I know many of you are getting ready to comment that parenthood itself is one big rollercoaster and the range of emotions I’m feeling is akin to that of all parents, whether their babies are in the NICU or not. You can halt those comments, though, because I KNOW THAT. Those comments will only make me feel worse for having bad days and reacting in any way other than calm and cool.

Like I said, normal doesn’t mean it’s easy.


Earlier this week, I tried to write about the babies’ birthday. Before I could even touch pen to paper, I realized I wasn’t sitting down to write about the happiest day of my life, and that made me feel awful. I should be happy about that day, right?

After talking with Rob and other preemie parents, I feel better knowing that it’s entirely normal to call the day of a premature birth the scariest day of one’s life. For me, it’s the second scariest, as the first was the day I was admitted for preterm labor when I was only 25 weeks pregnant.

So instead of writing a sweet story of love and hearts and happy feelings, I’m going to get down the (sometimes graphic) details and hope that one day I can return and fill it with happy thoughts.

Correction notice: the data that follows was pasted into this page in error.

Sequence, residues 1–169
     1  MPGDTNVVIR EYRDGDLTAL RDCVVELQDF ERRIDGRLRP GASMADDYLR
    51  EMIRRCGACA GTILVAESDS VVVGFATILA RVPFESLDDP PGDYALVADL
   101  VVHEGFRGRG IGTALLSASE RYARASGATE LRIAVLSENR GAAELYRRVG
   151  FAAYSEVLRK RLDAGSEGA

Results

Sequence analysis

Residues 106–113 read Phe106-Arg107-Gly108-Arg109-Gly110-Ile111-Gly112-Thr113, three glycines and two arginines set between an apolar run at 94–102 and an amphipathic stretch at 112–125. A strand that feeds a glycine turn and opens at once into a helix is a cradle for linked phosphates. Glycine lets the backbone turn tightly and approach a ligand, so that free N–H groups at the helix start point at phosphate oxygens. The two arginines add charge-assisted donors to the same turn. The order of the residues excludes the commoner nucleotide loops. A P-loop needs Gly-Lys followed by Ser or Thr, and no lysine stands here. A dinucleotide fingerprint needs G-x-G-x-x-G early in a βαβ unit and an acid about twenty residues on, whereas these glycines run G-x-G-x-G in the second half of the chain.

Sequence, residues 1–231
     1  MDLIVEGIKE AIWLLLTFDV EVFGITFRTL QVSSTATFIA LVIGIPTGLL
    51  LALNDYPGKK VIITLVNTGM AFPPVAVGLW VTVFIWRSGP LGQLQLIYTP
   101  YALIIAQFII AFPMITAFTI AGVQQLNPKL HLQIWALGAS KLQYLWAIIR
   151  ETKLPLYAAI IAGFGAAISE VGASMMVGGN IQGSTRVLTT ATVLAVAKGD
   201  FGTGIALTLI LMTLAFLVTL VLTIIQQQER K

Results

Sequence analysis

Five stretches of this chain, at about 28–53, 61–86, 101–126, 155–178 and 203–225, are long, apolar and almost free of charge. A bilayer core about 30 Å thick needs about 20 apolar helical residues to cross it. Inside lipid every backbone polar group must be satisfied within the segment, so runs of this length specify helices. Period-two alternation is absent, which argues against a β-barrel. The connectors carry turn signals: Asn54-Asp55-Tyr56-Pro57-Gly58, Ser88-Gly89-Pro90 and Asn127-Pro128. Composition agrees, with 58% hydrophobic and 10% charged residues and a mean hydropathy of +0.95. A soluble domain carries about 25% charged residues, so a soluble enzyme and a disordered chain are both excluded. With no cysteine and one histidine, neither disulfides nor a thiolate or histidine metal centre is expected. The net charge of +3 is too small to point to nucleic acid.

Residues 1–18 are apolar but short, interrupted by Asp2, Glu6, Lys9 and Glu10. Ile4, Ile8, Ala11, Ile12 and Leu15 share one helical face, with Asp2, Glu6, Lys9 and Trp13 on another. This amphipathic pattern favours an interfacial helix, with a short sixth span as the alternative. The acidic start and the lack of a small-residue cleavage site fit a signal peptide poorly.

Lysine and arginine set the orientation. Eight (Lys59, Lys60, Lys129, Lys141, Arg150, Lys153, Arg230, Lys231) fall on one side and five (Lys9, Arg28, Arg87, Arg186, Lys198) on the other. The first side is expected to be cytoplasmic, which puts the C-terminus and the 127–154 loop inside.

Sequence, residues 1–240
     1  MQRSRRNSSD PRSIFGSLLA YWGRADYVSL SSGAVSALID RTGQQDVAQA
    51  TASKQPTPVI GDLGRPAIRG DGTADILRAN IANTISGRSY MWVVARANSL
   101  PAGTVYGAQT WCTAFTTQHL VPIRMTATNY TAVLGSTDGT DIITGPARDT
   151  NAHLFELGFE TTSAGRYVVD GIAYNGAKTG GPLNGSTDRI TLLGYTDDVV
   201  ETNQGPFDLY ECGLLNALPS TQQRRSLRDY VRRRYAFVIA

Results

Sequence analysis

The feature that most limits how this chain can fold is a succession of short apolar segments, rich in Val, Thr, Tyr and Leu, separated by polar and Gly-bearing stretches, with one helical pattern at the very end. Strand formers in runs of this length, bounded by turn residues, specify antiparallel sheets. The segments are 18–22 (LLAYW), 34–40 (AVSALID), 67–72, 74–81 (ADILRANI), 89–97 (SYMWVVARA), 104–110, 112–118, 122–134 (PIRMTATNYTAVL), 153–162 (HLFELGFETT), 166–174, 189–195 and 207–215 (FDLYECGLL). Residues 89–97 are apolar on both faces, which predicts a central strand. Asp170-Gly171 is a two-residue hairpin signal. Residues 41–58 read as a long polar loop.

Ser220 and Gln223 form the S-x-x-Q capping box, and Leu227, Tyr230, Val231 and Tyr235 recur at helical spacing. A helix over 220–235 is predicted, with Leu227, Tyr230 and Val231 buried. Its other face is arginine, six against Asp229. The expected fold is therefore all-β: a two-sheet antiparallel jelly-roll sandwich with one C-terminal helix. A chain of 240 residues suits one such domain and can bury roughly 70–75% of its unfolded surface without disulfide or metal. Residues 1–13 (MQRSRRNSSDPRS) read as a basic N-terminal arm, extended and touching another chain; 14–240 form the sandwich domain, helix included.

I had taken three 6-hour doses of terbutaline over the last 17 hours and was due for another dose in 90 minutes when I woke up at 5 a.m. on Nov. 22. I had to pee, so I decided to heave myself up and return to bed for a little more sleep before dosing again. I had an appointment at 10:30 with our perinatologist group and hadn’t felt any more contractions, so I was just dosing and waiting.

As soon as I stood up, I felt a huge gush of warmth. Thinking I had finally peed myself, I hurried for the bathroom with my hands cupped over my crotch, hoping to not leave a huge trail of pee that I’d have to wake Rob to help clean. The gushing happened again, and I knew – before I could hit the light – that this wasn’t urine.

I turned my bathroom into a crime scene as I yelled for Rob to wake up, told him I was bleeding and that we needed to go to the hospital NOW. He was in the bathroom in a flash, and as I sat on the toilet and tried my hardest to hold back the tears and shaking, Rob rushed around to find me something clean (for a minute, at least) to wear while getting dressed and cleaning the floor so I wouldn’t slip.